Today in TV Deals: Lee Daniels to Adapt 'Valley of the Dolls,' Kevin Williamson Takes on Serial Killers
NBC has invested in Lee Daniels' take on the classic '60s novel 'Valley of the Dolls,' Deadline reports, in what will be the 'Precious' helmer's small-screen debut. He'll write and direct the period drama, based on Jaqueline Susann's novel about the showbiz lives of three friends. The book's already been turned into a cult-classic movie (1967), a mini-series (1981) and a late-night soap (1994).
The network announced today that it will debut 10 new shows in the 2011-2012 season, including a series about models living together in an apartment from Ryan Murphy, a miniseries called 'Coma' from Ridley and Tony Scott, and a spinoff of 'Storage Wars' set in Dallas.
Also on the slate are self-explanatory new series 'InLaws' and 'Boar Hunters,' as well as 'Family Bonding,' which handcuffs two family members together for 48 hours. Returning shows include A&E hits 'Hoarders,' 'The First 48,' 'Dog the Bounty Hunter,' 'Intervention' and more.
Read descriptions of the new shows after the jump.
Judging from the 'Vampire Diaries' mastermind's frequent middle-of-the-night tweets, probably not, but his lack of zzzz's is our gain: According to Deadline Hollywood, Williamson is creating a companion series to his hit CW show.
It's not a spinoff or a sequel, just a supernatural-themed drama about a group of (probably gorgeous) people who investigate paranormal happenings. Deadline reports that an insider describes the show as "'The X-Files' meets 'Buffy the Vampire Slayer.'" Did you hear that? It was the sound of millions of smart sci-fi fans squealing with joy, followed by the sound of millions of 'Vampire Diaries' fans swooning at the casting possibilities.
Marriage troubles can't hold the 'Desperate Housewives' actress back -- Longoria and her production company, Unbelievable Entertainment, are working on three new shows. According to Deadline Hollywood, the Texas border town soap 'Sendera' (with 'Cold Case' actress Kathryn Morris) and 'Parenting by Committee' are for ABC, while 'Aztec' is being described as a potential miniseries for Starz.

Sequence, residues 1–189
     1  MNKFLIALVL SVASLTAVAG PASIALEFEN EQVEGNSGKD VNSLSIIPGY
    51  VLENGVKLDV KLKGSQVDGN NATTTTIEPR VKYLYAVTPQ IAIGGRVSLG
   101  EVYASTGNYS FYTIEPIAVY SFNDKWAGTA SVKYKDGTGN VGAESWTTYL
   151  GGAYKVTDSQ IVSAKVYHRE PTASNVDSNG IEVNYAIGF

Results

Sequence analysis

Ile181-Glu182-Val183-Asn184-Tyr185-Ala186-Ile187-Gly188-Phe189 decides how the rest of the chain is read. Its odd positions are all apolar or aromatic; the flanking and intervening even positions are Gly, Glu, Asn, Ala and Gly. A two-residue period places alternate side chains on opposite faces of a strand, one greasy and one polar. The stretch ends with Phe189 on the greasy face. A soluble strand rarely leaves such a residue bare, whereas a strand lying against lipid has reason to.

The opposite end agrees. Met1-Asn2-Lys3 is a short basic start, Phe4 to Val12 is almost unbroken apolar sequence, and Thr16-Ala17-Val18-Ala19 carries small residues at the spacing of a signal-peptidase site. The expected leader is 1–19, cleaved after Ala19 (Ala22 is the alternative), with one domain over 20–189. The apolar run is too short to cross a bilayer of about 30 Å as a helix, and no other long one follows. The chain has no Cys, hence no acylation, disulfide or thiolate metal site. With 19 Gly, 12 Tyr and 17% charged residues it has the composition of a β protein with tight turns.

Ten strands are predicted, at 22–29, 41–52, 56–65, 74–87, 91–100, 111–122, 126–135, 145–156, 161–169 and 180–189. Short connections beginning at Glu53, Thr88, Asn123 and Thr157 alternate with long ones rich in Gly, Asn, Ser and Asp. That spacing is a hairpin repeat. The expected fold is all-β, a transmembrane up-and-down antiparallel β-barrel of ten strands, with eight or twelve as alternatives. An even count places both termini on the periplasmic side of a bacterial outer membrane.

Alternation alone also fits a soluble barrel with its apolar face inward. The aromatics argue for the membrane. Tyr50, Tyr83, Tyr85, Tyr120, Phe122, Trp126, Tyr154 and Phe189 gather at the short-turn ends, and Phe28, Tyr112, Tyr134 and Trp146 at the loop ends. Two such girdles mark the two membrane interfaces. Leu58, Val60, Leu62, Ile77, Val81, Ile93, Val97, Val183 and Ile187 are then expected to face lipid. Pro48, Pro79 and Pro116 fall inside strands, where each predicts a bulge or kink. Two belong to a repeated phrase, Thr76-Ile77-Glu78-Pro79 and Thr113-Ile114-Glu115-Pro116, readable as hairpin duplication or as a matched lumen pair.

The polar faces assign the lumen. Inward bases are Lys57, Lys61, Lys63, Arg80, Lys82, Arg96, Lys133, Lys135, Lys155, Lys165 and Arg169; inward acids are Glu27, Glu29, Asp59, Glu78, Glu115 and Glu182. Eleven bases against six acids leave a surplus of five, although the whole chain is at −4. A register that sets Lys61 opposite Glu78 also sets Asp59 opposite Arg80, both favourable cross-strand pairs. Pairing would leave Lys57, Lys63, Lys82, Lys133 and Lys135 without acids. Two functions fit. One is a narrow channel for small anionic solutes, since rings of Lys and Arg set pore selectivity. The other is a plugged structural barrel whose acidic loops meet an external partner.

According to The Hollywood Reporter, Martin has signed a deal with CBS to write, produce, and star in a new show. The Hollywood Reporter and TV Squad both confirmed there will be no season 3 of 'Important Things.'
It's a blind script deal, which means the show could be anything. And given Martin's vast imagination, it would be pointless to speculate on the details. The Reporter does point out that Martin fits with CBS's desires to court a young audience, in line with recent actions like developing new shows based on Twitter feeds.
Now ABC is developing a dramedy about the Veep, according to Variety. The series will be written by Sheldon Turner ('Up in the Air') and Shaun Cassidy ('Invasion'), and will focus on a fictional vice president and his staff.
The show will focus on the underdog nature of the vice president's office and explore the interpersonal relationships therein, including a romance between the female chief of staff and the vice president's son.
The deal came with the opportunity to do a feature film with a mainstream release and if the movie struck gold, the network would consider moving him into something more permanent on their network. Of course, when you're dealing with major broadcast networks, there's always a third option that never seems to come up during the negotiation stage: getting the rug pulled out from underneath you.
Yankovic posted a message on his Wordpress blog announcing that the deal is officially in the can -- the garbage can, that is. It seems that Cartoon Network decided not to get into the feature film business, a decision that shut down a number of projects in development including the Weird one's, um, one.
With the success of these cartoon comedies on Sunday night, FOX programmers seem to think Sunday is their only night for comedy, and they keep trying to establish new live-action hits there. Shows like 'Brothers,' ''Til Death' and the recent 'Sons of Tucson' have all failed to gain traction with the Sunday night FOX audience.
It's time for the network to consider expanding their comedy presence to another night. Leave the successful "Animation Domination" block alone, and let it do what you built it to do. Comedy is on the rise, and ABC proved you can launch a new night of it successfully, if the shows are good enough. But where should FOX go?